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Friday 24th October 2014

Tesco reveals its food wastage to be almost 30,000 tonnes in six months

  Monday 21st October 2013
  Monday 21st October 2013

Retail giant Tesco wasted 28,500 tonnes of food in the first six months of this year, according to figures published by the company this week.

Tesco

Food waste by Tesco has come to almost 30,000 tonnes so far this year already. Photo: Nick Saltmarsh

The data appears in a document entitled Tesco and Society: Using Our Scale for Good, in which the company sets out proposals to “have a positive impact on wider society” by reducing food waste, improving health and creating new opportunities for young people.

By compiling data on the top 25 most popular products for sale in Tesco stores, the document reveals that 68% of bagged salads, 47% of bakery goods and 40% of apples are wasted.

Using their own data, along with figures published by the United Nations Food and Agriculture Organisation (UNFAO) and the Waste and Resource Action Programme (Wrap), Tesco highlights the fact that the problem of food waste is not restricted to supermarkets alone.

The report claims that, in comparison to total food waste along the supply chain, Tesco’s own food waste is small. 16% of total supply chain waste occurs at the agriculture and supply stage, while a further 16% is produced by the consumer. Less than 1% of this wastage in the UK is down to Tesco, according to the document.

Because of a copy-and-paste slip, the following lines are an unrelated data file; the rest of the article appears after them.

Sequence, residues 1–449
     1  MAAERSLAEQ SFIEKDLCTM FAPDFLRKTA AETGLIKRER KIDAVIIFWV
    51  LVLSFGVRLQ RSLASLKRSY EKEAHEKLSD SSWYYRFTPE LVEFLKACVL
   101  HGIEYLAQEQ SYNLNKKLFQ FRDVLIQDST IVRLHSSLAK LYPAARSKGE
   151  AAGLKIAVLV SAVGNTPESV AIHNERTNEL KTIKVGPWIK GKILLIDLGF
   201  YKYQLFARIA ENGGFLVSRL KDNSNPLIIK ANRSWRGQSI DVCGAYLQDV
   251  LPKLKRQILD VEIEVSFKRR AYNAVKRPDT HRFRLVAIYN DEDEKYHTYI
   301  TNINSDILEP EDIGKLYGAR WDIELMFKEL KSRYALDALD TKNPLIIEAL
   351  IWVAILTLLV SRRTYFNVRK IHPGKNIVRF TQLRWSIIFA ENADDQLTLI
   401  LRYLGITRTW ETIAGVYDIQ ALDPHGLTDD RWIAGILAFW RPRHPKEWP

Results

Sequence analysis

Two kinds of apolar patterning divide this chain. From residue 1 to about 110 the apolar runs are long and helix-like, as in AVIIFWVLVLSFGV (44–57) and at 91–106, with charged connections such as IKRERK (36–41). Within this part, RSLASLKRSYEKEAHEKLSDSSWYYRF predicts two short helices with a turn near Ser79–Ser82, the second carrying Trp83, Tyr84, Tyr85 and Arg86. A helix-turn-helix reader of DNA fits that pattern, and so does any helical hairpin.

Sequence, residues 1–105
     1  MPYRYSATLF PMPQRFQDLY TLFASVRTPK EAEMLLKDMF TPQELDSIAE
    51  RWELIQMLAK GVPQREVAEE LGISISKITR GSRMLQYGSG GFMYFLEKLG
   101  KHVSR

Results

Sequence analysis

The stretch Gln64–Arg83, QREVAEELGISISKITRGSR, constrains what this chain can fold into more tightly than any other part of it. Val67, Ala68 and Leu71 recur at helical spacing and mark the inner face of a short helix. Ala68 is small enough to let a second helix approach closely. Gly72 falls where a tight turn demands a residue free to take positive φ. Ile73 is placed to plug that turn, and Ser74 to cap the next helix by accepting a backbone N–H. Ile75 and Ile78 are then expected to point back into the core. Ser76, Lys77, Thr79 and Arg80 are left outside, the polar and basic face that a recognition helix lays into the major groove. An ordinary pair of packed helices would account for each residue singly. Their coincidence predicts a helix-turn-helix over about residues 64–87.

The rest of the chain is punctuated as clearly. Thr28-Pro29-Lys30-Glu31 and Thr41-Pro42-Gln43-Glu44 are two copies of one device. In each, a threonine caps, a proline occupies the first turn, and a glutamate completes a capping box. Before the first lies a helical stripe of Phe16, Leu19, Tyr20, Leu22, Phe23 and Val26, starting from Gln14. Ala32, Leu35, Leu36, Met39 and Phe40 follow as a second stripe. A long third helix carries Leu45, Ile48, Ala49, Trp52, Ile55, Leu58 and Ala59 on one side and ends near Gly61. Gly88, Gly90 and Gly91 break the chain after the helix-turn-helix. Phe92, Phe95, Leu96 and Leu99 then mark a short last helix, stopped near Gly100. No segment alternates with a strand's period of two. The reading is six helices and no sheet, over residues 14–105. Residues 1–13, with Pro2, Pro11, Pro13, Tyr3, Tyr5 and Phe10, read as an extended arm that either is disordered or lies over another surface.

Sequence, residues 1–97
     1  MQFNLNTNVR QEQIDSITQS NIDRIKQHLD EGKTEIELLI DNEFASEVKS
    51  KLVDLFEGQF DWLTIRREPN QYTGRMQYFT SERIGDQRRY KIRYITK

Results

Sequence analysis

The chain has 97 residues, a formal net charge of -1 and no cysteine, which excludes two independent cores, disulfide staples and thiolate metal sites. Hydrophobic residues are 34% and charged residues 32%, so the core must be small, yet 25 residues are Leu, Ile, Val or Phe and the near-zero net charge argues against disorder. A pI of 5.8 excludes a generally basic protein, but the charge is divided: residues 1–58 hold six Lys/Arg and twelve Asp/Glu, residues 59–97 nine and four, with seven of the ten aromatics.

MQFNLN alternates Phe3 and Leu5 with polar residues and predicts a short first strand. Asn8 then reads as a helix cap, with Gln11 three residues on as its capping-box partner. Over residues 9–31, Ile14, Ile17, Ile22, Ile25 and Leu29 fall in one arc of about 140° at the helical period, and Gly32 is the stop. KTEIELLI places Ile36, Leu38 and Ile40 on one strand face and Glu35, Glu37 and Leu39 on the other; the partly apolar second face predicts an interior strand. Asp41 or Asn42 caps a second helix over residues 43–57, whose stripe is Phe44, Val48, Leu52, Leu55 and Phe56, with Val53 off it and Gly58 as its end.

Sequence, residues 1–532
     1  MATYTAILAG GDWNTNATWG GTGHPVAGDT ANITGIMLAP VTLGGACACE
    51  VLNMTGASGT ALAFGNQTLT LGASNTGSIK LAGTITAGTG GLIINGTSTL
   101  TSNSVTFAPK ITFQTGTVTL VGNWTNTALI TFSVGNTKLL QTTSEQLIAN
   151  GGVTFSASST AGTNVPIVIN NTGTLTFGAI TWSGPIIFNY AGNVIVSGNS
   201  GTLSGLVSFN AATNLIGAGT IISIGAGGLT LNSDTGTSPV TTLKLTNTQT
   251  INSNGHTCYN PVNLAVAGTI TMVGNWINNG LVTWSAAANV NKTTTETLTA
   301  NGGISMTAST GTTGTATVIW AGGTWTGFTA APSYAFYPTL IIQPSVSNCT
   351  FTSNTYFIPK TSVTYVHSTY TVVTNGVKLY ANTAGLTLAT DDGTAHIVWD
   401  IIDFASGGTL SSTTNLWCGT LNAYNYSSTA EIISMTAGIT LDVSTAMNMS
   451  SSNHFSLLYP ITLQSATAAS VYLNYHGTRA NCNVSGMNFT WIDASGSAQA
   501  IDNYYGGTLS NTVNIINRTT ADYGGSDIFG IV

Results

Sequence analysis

“We’ve all got a responsibility to tackle food waste and there is no quick-fix single solution. Little changes can make a big difference, like storing fruit and vegetables in the right way,” said Matt Simister, Tesco’s commercial director of group food. “We’ll be reviewing what else we can do. We’re working with our suppliers to try to cut waste at all stages of the journey from farm to fork,” he continued.

The report sets out a number of recommendations for ways in which the company can cut down its food waste. Suggestions include trialling new longer life grapes, developing promotions for smaller bags of salad and introducing a Love Banana campaign for training staff on how to handle bananas with care.

“Ending multi-buy promotions on large packs of bagged salads is one way we can help, but this is just the start and we’ll be reviewing what else we can do,” said Simister. 

Michael Hegarty


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Michael Hegarty

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